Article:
Many people in the United States are looking forward to the day when they will collect Social Security payments, and for a good reason.
Considering that you have contributed to the system to receive retirement benefits over your whole career, it is only reasonable that you would want to reap the advantages and live a life of leisure in your next years.
Sadly, far too numerous employees will be in for a rude awakening when it comes time to collect their first paycheck on the designated day. And if you’re one of them, you may find that if you don’t find out the truth soon enough, it may wreck your retirement.
The brutal reality regarding Social Security benefits
A large number of Americans will very certainly learn that their Social Security payments will give far less money than they expected.
According to recent research conducted by the TransAmerica Center for Retirement Studies, 21 percent of Americans expect to depend on Social Security as their primary source of income during retirement.
This may be a significant difficulty if they do not have sufficient resources to augment their retirement payments.
Social Security was never planned to be a stand-alone source of assistance for seniors, nor was it intended to provide the majority of the income that retirees demand.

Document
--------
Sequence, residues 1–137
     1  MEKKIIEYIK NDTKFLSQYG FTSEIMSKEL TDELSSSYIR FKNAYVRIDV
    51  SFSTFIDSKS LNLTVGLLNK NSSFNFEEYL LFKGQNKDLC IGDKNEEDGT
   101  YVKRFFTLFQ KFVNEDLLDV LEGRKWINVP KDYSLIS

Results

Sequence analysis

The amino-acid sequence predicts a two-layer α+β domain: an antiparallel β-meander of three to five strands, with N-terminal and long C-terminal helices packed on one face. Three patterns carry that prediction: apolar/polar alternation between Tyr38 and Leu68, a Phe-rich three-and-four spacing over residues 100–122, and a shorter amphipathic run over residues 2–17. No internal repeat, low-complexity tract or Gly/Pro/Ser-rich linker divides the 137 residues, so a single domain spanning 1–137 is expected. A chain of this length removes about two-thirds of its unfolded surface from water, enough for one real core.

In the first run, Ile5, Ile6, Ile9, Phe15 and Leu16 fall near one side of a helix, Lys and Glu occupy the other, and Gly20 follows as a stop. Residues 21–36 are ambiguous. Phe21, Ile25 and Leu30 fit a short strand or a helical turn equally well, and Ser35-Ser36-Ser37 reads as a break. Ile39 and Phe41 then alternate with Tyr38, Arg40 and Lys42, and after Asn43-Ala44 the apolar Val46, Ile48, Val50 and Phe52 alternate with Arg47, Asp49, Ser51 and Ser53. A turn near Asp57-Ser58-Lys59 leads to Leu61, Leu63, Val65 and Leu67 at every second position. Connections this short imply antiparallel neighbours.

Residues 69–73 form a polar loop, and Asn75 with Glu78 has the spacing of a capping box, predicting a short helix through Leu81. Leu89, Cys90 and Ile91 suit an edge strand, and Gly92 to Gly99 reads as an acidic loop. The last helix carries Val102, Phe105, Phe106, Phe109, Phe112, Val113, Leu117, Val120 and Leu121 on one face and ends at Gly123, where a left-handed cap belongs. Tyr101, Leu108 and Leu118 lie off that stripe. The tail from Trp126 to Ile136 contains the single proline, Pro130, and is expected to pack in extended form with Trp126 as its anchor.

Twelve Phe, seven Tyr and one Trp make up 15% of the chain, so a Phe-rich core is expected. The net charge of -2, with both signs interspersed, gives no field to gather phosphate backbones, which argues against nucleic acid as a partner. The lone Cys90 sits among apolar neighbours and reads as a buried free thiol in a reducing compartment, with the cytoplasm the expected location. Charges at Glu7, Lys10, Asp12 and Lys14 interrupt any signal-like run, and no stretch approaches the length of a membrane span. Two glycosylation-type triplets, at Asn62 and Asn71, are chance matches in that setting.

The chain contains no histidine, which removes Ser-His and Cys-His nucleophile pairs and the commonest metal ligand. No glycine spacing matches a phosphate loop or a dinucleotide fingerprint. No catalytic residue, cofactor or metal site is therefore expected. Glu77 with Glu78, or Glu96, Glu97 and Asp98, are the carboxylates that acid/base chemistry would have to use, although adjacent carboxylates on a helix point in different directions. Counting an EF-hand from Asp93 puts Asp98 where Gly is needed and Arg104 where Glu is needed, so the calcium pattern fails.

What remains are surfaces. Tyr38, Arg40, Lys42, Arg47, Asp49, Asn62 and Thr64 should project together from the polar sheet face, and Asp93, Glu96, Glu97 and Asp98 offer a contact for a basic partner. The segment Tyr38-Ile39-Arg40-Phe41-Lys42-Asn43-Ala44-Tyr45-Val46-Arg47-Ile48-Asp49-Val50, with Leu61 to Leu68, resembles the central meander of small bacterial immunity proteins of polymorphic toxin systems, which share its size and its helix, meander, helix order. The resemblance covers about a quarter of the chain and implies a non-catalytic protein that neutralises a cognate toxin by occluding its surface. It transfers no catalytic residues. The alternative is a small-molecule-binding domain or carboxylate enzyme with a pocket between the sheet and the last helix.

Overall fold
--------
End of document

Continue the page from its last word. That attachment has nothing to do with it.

The benefits were meant to be used with an employer-provided pension and any savings that the worker had accumulated over their working life.
Together, these three income streams were expected to replace around 80 percent to 90 percent of preretirement savings. Most experts believe retirees need to maintain their quality of life when they leave the workforce.
On the other hand, Social Security payments will not suffice as a primary source of income since they only replace 40% of preretirement wages.
And although you may believe that you will be able to tolerate a significant wage drop once you no longer have commuting expenses and can stop preparing for retirement, the fact is that this is unlikely to be the case.
Many of your fixed expenditures, such as food and housing bills, are unlikely to alter much due to your decision to leave your employment. Furthermore, certain of your expenses, such as healthcare bills, may increase significantly as a result.
Be prepared for retirement despite smaller-than regular Social Security benefits.
If you’re still a long way away from retirement, the good news is that you still have time to make adjustments if you had expected that Social Security would provide the majority of your income in retirement.
Set a goal to save enough money to replace about 40% of your preretirement income, in addition to the 40% that Social Security will replace. Save at a pace that will allow you to achieve this objective while maintaining a safe withdrawal rate.
If you’re already on the verge of retirement, boosting your funds might be quite beneficial. Nonetheless, you may need to take other efforts, such as delaying your Social Security claim to increase your payments or working for a few more years to increase your nest egg even more.
Before you quit your job and file for Social Security, it’s critical to recognize that you’ll want additional funds beyond what these benefits provide so that you don’t find yourself in the position of having to deal with a significant financial shortage after leaving the workforce.
Once you accept this, you can start taking the efforts necessary to ensure that you have the secure retirement you deserve.